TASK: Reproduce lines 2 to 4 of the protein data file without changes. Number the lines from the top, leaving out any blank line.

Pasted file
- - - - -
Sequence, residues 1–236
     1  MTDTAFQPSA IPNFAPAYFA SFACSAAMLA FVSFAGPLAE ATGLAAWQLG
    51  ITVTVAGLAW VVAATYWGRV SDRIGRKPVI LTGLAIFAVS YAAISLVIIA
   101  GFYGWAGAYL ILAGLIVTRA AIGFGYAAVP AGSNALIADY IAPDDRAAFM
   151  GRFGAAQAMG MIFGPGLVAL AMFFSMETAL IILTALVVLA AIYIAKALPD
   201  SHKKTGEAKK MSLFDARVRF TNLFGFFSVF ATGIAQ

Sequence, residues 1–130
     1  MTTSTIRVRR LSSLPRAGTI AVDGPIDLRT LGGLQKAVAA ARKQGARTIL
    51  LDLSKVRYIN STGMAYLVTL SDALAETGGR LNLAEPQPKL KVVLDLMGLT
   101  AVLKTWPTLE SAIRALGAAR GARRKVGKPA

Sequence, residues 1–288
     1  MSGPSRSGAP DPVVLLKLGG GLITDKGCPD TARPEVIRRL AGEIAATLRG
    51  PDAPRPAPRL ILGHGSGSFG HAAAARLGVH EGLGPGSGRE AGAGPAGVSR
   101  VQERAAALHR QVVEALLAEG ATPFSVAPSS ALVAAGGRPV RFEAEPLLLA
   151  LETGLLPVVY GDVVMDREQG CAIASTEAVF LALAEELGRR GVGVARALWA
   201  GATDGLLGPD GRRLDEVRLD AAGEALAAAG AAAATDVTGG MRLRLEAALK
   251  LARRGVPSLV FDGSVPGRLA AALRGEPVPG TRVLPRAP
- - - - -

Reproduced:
     1  MTDTAFQPSA IPNFAPAYFA SFACSAAMLA FVSFAGPLAE ATGLAAWQLG
    51  ITVTVAGLAW VVAATYWGRV SDRIGRKPVI LTGLAIFAVS YAAISLVIIA
   101  GFYGWAGAYL ILAGLIVTRA AIGFGYAAVP AGSNALIADY IAPDDRAAFM